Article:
About 300 crew members were aboard the USS Chancellorsville when the drone struck its side, however, only two sailors were injured. The two sailors are being treated for minor burns.

According to Lieutenant Lenaya Rotlein of the U.S. Third Fleet, the ship had been testing its combat weapons system off Point Mugu in Southern California. The aerial target drone was being used to test the ship’s radar when it crashed into the ship’s left (port) side.

Investigators at Naval Base San Diego are currently assessing the damage to determine why the drone malfunctioned. The BQM-74 series aerial drone is 13 feet long, 1 foot in diameter, and has a wingspan of approximately 6 feet. Manufactured by Northrop Grumman Corp., these drones are used frequently in testing for combat and weapons systems.

USS Chancellorsville will be returning to the Naval Base San Diego for reports and to undergo an investigation regarding the drone mishap.

USS Chancellorsville is a Ticonderoga-class guided-missile cruiser that carriers guided missiles and rapid-fire cannons; this Naval vessel also has anti-subsurface, anti-surface, and anti-air capabilities. Focused on anti-submarine warfare, USS Chancellorsville also carries two helicopters.

Please enjoy this video of the heroic USS Chancellorsville gliding along the San Diego Bay. The amount of damage will be determined soon by Navy officials.

Photo Credit: Naval Surface Warriors

San Diego Sailor found dead on Navy Patrol Boat

A local sailor was found dead on Tuesday, September 3rd, aboard a Navy patrol boat that was anchored in the San Diego Bay, according to authorities. The patrol boat was located just north of the Midway Museum in San Diego.

The fatality was noted on Tuesday shortly after 4 p.m. close to the Broadway Pier, as stated by the San Diego Fire Rescue Department. The death of one Navy sailor was due to a shooting, however, the Navy Region Southwest Public Affairs said that no foul play was involved in the death of the sailor.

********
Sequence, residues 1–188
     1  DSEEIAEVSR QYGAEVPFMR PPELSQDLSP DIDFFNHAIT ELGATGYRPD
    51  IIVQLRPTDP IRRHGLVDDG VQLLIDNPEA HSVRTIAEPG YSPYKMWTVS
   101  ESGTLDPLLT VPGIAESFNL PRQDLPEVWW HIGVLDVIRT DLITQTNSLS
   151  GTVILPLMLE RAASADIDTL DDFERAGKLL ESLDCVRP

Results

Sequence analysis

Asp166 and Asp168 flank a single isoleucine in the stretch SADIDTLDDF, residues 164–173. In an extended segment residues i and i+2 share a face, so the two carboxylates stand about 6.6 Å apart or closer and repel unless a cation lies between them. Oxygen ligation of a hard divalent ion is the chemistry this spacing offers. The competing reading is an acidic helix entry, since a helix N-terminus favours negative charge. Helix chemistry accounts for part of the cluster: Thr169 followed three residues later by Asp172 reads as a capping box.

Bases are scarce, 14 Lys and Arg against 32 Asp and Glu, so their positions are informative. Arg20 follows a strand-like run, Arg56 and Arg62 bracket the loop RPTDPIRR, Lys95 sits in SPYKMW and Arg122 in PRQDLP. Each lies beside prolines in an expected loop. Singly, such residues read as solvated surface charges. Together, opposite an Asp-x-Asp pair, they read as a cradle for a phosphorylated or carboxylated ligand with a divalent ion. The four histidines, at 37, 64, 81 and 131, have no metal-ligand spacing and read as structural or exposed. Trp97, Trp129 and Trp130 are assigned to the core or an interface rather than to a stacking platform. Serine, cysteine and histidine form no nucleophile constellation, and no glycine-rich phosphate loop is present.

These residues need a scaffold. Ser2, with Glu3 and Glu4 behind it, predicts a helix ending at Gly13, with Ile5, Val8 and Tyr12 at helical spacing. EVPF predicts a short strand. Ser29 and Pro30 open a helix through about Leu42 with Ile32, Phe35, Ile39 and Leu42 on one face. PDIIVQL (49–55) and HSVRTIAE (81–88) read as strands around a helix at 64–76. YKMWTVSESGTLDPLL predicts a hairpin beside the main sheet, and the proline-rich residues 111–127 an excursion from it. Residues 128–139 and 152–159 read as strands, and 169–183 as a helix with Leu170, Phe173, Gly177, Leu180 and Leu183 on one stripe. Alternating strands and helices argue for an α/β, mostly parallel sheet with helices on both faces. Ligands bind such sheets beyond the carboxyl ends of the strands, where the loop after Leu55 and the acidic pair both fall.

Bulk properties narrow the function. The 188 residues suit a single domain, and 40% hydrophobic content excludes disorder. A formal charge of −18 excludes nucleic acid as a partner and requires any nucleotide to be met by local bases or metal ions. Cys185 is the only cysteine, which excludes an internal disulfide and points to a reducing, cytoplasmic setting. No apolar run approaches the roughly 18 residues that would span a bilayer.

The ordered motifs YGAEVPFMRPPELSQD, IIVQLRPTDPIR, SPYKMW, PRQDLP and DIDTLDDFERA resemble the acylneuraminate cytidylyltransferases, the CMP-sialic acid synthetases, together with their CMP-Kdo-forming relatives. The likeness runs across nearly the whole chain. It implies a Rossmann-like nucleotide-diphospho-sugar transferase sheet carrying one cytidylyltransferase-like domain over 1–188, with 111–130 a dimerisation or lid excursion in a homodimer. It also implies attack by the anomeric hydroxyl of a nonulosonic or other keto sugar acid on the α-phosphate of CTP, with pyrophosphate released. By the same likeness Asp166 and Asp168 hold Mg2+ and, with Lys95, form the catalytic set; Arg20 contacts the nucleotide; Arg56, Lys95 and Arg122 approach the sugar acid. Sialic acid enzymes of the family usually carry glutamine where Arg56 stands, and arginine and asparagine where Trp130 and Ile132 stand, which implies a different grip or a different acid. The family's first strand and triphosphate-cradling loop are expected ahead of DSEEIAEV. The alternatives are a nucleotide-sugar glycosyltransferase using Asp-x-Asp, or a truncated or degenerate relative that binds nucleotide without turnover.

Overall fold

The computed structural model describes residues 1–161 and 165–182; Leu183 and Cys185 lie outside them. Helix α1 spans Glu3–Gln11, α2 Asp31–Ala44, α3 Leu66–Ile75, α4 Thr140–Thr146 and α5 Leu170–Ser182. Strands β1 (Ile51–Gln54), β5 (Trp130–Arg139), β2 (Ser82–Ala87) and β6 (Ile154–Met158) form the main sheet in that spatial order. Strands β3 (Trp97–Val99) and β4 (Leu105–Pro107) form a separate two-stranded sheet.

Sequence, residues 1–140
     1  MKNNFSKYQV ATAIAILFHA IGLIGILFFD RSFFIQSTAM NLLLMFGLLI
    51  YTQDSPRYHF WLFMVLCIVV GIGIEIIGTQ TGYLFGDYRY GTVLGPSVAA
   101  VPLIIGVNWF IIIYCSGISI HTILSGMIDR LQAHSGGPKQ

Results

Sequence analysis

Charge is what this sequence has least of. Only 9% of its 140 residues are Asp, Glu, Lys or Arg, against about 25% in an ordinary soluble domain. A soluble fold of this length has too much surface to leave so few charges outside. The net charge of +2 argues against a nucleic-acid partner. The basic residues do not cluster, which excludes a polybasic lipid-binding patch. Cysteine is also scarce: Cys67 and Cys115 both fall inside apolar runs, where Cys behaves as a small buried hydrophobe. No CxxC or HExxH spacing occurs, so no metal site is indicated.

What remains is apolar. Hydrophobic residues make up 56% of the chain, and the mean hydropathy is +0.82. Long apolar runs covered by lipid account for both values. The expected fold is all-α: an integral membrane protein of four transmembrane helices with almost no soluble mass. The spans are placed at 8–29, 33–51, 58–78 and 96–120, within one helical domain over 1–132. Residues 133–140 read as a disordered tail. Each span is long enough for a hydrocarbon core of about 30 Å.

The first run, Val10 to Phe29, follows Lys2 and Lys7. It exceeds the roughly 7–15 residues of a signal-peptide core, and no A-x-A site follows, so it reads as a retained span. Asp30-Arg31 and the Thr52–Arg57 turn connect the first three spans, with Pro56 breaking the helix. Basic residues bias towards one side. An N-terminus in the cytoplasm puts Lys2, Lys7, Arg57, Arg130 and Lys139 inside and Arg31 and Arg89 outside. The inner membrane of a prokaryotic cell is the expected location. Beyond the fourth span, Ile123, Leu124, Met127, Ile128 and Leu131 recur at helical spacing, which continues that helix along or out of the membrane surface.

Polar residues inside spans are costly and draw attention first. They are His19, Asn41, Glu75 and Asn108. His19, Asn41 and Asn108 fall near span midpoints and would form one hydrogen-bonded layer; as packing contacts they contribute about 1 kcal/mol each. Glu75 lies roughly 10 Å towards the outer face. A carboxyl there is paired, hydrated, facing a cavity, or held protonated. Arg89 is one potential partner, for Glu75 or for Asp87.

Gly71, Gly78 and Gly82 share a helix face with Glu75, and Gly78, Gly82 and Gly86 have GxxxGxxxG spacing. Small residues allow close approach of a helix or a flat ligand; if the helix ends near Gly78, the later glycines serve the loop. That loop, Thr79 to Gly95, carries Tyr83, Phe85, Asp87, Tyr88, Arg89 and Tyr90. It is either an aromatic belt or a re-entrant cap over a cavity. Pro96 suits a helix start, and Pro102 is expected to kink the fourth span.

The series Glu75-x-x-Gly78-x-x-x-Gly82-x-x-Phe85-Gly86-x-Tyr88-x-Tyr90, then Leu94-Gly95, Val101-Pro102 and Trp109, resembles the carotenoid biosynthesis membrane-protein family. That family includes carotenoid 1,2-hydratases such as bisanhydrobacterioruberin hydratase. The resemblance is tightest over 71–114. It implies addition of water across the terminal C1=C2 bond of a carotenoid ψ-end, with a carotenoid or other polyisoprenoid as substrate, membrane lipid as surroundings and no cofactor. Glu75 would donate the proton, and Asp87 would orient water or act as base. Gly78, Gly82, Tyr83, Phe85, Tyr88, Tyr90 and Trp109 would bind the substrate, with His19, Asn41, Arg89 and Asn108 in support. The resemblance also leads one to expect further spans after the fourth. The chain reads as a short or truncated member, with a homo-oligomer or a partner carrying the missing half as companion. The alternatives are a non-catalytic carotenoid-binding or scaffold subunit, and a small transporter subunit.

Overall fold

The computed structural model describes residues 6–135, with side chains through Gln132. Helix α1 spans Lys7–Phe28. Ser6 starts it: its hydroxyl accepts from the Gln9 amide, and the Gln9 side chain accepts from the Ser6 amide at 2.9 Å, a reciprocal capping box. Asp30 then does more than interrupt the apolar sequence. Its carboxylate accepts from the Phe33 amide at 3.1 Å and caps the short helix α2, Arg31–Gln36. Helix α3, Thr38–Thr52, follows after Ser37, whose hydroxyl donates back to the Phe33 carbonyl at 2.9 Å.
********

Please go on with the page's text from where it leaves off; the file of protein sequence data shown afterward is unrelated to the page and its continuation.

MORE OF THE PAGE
According to NBC San Diego, Navy and San Diego Harbor Police boats were seen on the pier going to investigate the scene; there were many frantic people aboard these ships descending to meet the Navy patrol boat.

Medics quickly pronounced the victim as dead at the scene. The name of the sailor is being withheld until family notification is fulfilled.

Navy spokesman Brian O’Rourke said that the Naval Criminal Investigative Service (NCIS) took charge of the investigation immediately and is working hard to discover the source and preface to the shooting.

Because the death did not look like a homicide, the authorities were not looking for suspects as of Tuesday night but they are working on discovering resolutions to the matter.

Although the cause of death is still uncertain, there will be a release revealed in the near future to define closure on this tragic event. The end of this sailor’s life is a devastating tragedy for San Diego and we hope that his family and friends will find relief and necessary closure through these investigations.

Photo Credit: Rennett Stowe

Navy’s Coronado Speed Festival in San Diego has been Approved

The annual Coronado Speed Festival has successfully dodged the budget cuts this year. Next month, the Naval Air Station North Island will host the Coronado Speed Festival on September 21 & 22 as part of San Diego Fleet Week.

San Diego Fleet Week is a public open house of the Navy base that coincides perfectly with Coronado Speed Festival and Fleet Week Foundation festivities.

The popular event will have a race track on the flight line, where the public can watch race cars zip around the track. Military aircraft will also be on display during the event.

Fleet Week’s executive director, Alexandra Squires said, “We’re thrilled at the opportunity to continue the tradition of celebrating Speed Fest at Naval Base Coronado.”

A Navy memo was released July 24 requesting the Pentagon to approve the Coronado Speed Festival, stating that all costs would be covered by Fleet Week even though costs have usually been shared between the Navy and the foundation in the past.

Usually, the Coronado Speed Festival has tours of the Navy ships for the public to see, however, Naval officials said on Friday that they aren’t sure if these tours will be able to happen for this year’s festival.

If it is approved to allow ship tours at Coronado Speed Festival, the piers that are home to the USS Carl Vinson and USS Ronald Reagan, will be the first to be on display. For more information about this fun-filled Navy event in San Diego, visit Fleet Week online and for the newest details and an interesting peek into Naval living in America’s Finest City.

Photo Credit: Official U.S. Navy Imagery